. . . And shockingly even when right-wing Americans plot to kill Muslim Americans on U.S soil, there’s little media coverage. You might be asking: What terror plots on Muslim Americans? Well that’s part of the problem.
There’s Glendon Scott Crawford, a Klan member, who was convicted last August in federal court for trying to “acquire a radiation weapon for mass destruction” to kill Muslim Americans in New York State. He was convicted and facing a sentence of 25 years to life in August 2015, but we didn’t see many national headlines for this story.
. . . Is the lack of media coverage because there’s an empathy gap for Muslims lives? Or is it that the media executives simply believe Americans don’t care and won’t watch stories about Muslims killed by terror attacks?
It’s not clear, but considering the news is a business, I’d suspect the second reason is more at play. After all, this week we didn’t see an outpouring of “Je suis Turkey” type postings and Facebook didn’t create a Turkey filter for your profile the way it created a France one after the Paris attack.
You get the idea. And perhaps there’s a soupçon of truth in Obeidallah’s argument. But he hasn’t considered alternative hypotheses that I think are more important. First, it’s likely that many American don’t even know that most Turks are Muslims! Yes, about 99% of them are, but never underestimate the ignorance of Americans when it comes to other countries.
Second, it’s not as if the media ignored what happened in Turkey. It was the lead story on the NBC News three days running, and the major headline in papers like the New York Times. And, as a counterexample, the 2014 kidnapping of 276 Nigerian schoolgirls, many of them Muslim, by Boko Haram, received huge media attention, prompting the “Bring Back our Girls” campaign. The fact that many of those girls were Christians didn’t bring that attention: few people even knew the religions of those girls. What mattered is that children were abducted.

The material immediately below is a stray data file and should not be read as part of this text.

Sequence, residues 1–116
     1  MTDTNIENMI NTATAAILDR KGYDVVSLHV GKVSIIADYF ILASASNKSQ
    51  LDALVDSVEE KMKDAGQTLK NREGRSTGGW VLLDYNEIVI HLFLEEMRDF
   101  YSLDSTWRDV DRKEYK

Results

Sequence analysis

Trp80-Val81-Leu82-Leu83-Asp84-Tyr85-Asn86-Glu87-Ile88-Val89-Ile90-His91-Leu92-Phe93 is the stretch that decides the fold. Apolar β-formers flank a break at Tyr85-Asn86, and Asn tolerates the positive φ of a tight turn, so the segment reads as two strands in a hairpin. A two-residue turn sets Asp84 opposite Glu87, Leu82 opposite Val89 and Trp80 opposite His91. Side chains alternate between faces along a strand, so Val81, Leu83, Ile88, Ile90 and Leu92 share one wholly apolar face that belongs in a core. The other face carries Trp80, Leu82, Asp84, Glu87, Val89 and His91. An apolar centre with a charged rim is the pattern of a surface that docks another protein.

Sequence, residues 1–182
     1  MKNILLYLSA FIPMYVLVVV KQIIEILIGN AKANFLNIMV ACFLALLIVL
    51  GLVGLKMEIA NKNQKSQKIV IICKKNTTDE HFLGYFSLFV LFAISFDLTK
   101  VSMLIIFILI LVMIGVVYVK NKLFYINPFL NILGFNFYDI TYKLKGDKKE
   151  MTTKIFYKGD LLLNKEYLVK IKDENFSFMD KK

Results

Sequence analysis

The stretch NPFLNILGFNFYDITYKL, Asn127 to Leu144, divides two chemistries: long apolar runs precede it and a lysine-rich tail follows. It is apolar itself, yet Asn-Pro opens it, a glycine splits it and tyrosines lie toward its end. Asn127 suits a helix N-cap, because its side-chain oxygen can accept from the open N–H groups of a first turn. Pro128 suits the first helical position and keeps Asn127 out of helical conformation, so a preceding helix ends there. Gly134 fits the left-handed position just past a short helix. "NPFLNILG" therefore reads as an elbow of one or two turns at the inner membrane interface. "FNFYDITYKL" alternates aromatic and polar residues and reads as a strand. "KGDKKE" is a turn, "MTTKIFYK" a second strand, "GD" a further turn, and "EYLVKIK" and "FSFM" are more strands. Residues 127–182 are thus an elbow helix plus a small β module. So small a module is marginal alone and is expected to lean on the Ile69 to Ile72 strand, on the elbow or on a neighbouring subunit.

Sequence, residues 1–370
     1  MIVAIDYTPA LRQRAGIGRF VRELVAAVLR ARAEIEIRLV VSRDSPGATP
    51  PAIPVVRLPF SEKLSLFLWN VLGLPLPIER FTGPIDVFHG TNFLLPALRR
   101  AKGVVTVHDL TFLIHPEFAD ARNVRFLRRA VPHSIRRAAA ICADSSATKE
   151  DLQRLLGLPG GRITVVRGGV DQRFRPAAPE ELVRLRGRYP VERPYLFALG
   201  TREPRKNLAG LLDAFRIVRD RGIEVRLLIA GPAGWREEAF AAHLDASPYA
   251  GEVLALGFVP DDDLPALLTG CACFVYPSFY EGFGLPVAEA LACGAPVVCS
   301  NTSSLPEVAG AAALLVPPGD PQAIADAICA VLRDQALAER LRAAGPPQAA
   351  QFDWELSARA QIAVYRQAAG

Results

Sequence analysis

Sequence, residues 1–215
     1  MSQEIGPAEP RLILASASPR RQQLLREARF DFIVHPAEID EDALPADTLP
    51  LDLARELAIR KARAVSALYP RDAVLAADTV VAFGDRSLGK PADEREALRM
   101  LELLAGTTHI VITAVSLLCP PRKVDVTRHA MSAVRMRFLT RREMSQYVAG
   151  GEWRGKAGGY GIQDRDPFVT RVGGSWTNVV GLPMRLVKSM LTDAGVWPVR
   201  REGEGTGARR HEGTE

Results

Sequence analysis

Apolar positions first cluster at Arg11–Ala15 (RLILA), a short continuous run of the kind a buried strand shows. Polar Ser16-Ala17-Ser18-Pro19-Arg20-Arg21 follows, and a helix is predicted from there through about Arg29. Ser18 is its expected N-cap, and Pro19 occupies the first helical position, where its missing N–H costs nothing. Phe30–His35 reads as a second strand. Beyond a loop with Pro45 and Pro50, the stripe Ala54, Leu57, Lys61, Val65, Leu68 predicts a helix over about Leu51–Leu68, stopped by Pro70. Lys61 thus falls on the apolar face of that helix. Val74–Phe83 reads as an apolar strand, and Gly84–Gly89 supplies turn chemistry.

Third, there’s a reason why news organizations might deploy fewer commentators to places like Turkey: they’re farther away and thus more expensive to reach and broadcast from.
But the main reason, of course, and one that I’ve discussed before, may well be this: the the Istanbul bombings may have gotten less coverage than those in Paris or Brussels not because Americans devalue Muslim lives, but because Americans share more of their culture with Europe than with Turkey. How many Americans have visited either Brussels or Paris as opposed to Istanbul? How many Americans have lived in Europe compared to Turkey, or have friends or relatives in either Europe or Turkey? How many Americans know much about Turkish culture? This has nothing to do with dehumanizing adherents to a faith, but with feeling closer to a country that you know something about, and whose culture you’re more familiar with.
If there were similar bombings in, say, in Papua New Guinea, which is largely Christian but with a layer of (non-Muslim!) folk religions, those would probably get even less attention. Or if you’re ready to claim that that’s just because the inhabitants are largely black, substitute Vladivostok or Bucharest—white Christian cities.
As one of my friends emailed me when I pointed out this article, “Some people just have a sort of weird need to beat themselves up about things that have nothing to do with them. They are the modern-day equivalent of the old timey Catholic saints who wore hairshirts, whipped themselves and only allowed themselves small sips of warm water on hot days.” Yep, Obeidallah is certainly in that group. His article is nothing more than virtue-signaling: a way to puff out his chest and say that he’s better than the rest of us “Islamophobes.”